Health & Medicine

It’s important to pace yourself when you have cancer-related fatigue

Jessica Law
Jessica Law

Cancer-related fatigue affects men and women during and after cancer treatment. The National Cancer Comprehensive Network defines cancer-related fatigue as “a distressing persistent, personal sense of physical, emotional and/or mental tiredness related to cancer or cancer treatment that is not in relation to recent activity and interferes with normal activities.”

It is estimated that as many as 60 percent to100 percent of cancer patients experience fatigue as a result of cancer or cancer treatment, making it the most common, persistent problem. Cancer-related fatigue often can continue beyond the completion of treatment and can have profound effects on a person’s quality of life.

Recognizing signs of cancer-related fatigue and communicating with providers plays a significant role in the management of fatigue. It is important for patients to discuss, with the provider, side effects they are experiencing, to help manage fatigue. In addition, it is important for caregivers to understand signs of cancer-related fatigue and techniques to help. The goal in treating fatigue is to maintain quality of life at the highest level.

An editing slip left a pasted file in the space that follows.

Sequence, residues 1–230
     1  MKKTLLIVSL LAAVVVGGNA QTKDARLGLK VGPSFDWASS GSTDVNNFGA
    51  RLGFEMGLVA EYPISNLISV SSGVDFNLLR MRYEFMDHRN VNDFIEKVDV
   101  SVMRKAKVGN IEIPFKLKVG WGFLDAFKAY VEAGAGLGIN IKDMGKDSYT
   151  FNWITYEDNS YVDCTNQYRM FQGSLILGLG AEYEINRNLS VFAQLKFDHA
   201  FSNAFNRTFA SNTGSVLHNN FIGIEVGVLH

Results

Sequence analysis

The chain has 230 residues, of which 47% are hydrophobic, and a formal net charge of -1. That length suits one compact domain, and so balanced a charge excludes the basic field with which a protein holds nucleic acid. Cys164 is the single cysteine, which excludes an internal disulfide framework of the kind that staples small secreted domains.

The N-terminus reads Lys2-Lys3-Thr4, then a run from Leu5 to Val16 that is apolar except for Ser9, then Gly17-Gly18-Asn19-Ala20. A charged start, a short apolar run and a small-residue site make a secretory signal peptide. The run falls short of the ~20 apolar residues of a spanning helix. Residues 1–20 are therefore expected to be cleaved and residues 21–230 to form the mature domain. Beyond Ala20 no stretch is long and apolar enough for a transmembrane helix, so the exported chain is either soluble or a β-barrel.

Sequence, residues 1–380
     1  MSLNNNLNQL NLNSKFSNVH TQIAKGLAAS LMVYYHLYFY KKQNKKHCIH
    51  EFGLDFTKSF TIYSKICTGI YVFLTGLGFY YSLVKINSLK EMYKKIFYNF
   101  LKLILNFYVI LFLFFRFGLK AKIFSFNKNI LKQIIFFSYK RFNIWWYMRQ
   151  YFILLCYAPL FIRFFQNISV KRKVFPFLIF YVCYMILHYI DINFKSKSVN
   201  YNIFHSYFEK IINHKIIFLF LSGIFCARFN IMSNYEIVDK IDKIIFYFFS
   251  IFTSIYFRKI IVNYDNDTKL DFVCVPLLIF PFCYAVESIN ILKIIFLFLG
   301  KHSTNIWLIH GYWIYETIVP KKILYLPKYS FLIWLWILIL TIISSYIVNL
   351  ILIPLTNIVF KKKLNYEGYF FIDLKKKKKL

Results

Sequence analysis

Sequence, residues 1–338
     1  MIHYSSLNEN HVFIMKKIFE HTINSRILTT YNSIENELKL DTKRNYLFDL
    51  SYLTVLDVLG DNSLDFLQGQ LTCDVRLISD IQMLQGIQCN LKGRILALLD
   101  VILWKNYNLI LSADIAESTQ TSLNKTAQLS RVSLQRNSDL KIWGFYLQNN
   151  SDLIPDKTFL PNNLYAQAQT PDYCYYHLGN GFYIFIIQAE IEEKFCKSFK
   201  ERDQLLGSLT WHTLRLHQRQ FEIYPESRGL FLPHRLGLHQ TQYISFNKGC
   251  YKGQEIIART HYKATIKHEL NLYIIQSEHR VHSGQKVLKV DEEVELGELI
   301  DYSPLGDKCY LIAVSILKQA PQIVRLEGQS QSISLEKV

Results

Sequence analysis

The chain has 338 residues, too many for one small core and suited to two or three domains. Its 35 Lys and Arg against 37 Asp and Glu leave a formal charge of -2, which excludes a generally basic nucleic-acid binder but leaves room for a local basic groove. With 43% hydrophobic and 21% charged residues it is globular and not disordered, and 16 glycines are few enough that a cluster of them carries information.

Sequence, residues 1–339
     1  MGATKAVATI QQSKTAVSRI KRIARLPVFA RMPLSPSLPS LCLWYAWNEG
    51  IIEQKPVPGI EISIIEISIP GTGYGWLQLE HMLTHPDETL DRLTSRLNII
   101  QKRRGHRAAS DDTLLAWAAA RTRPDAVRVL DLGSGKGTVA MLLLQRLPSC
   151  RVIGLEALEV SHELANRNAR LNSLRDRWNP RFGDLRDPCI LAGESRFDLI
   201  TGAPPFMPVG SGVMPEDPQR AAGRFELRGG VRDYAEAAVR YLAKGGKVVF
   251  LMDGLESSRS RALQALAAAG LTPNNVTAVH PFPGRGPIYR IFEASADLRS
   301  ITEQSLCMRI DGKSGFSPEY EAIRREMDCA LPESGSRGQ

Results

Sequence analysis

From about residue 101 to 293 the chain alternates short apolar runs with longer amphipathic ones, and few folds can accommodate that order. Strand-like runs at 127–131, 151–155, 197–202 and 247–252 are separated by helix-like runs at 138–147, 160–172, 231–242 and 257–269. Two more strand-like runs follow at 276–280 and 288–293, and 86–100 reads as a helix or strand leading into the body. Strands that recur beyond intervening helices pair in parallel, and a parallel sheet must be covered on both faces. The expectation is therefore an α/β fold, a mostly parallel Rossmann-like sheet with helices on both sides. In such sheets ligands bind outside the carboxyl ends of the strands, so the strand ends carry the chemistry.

Simple things can help when experiencing cancer-related fatigue. Unless advised otherwise, patients should eat a healthy diet, with eight to10 glasses of water a day. In addition, when feeling fatigued, try shorter versions of activities you enjoy. It can be helpful to take a 30-minute nap or several, relaxing breaks in a comfortable chair or bed. However, patients should avoid napping for long periods during the day, as this may make it difficult to sleep at night.

It also can be helpful to ask family or friends for help and delegate activities to others. Overall, it’s important for those experiencing cancer-related fatigue to pace themselves, continuing to stay active, and building upon activity at their own comfort level.

In addition, a growing amount of evidence supports the addition of an exercise program, used with cancer treatment or after treatment has completed, to decrease fatigue. Many types of exercise have been studied, including yoga, swimming, walking and weightlifting.

Exercise regimens should be supervised by a professional and be personalized for cancer patients to meet their needs, and increase in intensity as the patient’s tolerance grows. Patients should consult their oncologist before starting any exercise program.

Jessica Law, a nurse practitioner, serves as operations manager of oncology and infusion services at the newly opened Baptist Health Cancer Care at Baptist Health Richmond.

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